Last year, several advocacy groups jointly filed a complaintwith the Federal Trade Commission against two specific products made by Genesis Toys, My Friend Cayla and i-Que Intelligence Robot, alleging that they “unfairly and deceptively collect, use, and share audio files of children’s voices without providing adequate notice or obtaining verified parental consent.” The toys have already been banned in Germany, and stripped from the shelves of Target and Toys R Us. (You can still find them on Amazon, albeit in limited quantity as of this post.) Genesis Toys did not respond to a request for comment.
Privacy advocates say that those two specific complaints speak to broader concerns about the industry.
“Companies that are selling internet-connected toys are not just profiting from selling the device,” says David Monahan, campaign manager for Campaign for a Commercial-Free Childhood, a group dedicated to ending child-targeted marketing. “They’re profiting by collecting and monetizing a lot of sensitive information from kids.”
While the Children’s Online Privacy Protection Rule, known as “COPPA,” puts limits on that sort of data-harvesting, it mostly ensures that parents have to give consent before data collection happens. In the frenzy of setting up a Christmas gift, it’s easy to tap ‘yes’ without realizing exactly what it is you’ve agreed to.
“Internet connected toys are a privacy nightmare,” says Marc Rotenberg, president of the nonprofit Electronic Privacy Information Center. “Maybe Santa gets to know who’s been naughty and who’s been nice. But not toy companies.”
If you are going to give an internet-connected device—or already bought one and can’t find the receipt to return it—the most important thing you can do is to understand exactly how it works, what it collects, and what it does with that information.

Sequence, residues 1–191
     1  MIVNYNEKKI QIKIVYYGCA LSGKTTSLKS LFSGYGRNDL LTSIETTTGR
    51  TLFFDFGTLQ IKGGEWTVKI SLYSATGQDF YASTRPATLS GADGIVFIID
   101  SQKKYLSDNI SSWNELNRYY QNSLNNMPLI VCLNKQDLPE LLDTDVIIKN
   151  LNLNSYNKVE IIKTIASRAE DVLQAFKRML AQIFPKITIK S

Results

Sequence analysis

That diligence extends to securing the device, as well. “Internet toys tend to be replete with default user names and passwords,” says Beardsley, which makes hacking them, well, child’s play. Take the time to customize the device setup, creating a unique password, and also figure out if and how the manufacturer pushes software updates, which often contain critical security patches.
Be aware, too, of how these toys function. “Anything that has an input sensor, like a camera or a microphone, has to be on in order to work as advertised,” says Beardsley. In the same way that an Amazon Echo or Google Home listens constantly—but only sends data back to a server after hearing a ‘wake word’—a toy that uses a camera to detect colors, say, is likely always watching. And it may not be clear under what circumstances it communicates what it sees and hears over the internet, or what it stores.
In fact, that Echo comparison proves apt for other reasons. Those devices raise privacy hackles as well, but least when you interact with Alexa or Google Assistant, you understand the risks. “As adults, we make decisions around making transactions online, we know what kind of information we’re putting out there that might be vulnerable,” says Monahan. “Kids don’t really understand that. They can’t make a conscious choice about sharing that information.”
Those potential issues even led Mattel to cancel a highly touted upcoming product. Its Aristotle AI assistant was designed as a sort of Echo for the stroller set, until the company nixed it in October over privacy concerns.
And at that point, what more do you need? When even the toy companies are having second thoughts, it’s well past time to pull the plug on connected gifts.